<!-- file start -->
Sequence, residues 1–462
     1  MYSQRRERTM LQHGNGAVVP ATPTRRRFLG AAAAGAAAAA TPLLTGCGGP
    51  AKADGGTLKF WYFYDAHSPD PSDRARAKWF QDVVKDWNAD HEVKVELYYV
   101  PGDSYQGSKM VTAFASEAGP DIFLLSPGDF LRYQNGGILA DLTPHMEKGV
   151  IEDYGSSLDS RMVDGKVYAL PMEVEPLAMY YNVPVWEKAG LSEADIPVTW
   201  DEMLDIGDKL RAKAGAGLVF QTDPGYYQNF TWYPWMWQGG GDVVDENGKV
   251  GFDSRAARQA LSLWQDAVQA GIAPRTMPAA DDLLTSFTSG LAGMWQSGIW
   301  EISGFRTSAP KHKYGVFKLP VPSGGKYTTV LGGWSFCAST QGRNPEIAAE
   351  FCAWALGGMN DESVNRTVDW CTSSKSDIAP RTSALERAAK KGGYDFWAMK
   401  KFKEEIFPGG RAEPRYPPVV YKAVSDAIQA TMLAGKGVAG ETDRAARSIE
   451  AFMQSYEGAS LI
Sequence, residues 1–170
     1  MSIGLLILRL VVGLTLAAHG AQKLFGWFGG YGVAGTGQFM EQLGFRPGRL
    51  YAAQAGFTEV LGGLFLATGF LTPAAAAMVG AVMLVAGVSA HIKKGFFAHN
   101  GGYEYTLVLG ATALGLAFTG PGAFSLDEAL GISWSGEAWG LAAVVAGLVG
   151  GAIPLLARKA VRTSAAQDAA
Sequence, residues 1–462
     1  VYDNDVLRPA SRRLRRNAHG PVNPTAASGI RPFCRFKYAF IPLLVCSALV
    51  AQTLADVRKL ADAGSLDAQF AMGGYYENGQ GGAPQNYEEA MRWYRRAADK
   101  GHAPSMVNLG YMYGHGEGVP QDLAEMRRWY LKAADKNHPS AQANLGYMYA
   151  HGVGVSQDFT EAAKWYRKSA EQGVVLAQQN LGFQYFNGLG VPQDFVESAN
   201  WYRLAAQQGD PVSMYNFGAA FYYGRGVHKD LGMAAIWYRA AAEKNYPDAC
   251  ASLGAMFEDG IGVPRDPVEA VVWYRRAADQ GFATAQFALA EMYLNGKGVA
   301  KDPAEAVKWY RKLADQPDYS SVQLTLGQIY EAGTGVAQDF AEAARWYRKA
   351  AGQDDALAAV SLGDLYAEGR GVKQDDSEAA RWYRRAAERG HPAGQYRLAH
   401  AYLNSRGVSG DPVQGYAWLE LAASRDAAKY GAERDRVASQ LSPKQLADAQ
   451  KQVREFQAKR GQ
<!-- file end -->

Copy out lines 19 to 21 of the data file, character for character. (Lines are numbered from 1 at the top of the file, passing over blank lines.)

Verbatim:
    51  AQTLADVRKL ADAGSLDAQF AMGGYYENGQ GGAPQNYEEA MRWYRRAADK
   101  GHAPSMVNLG YMYGHGEGVP QDLAEMRRWY LKAADKNHPS AQANLGYMYA
   151  HGVGVSQDFT EAAKWYRKSA EQGVVLAQQN LGFQYFNGLG VPQDFVESAN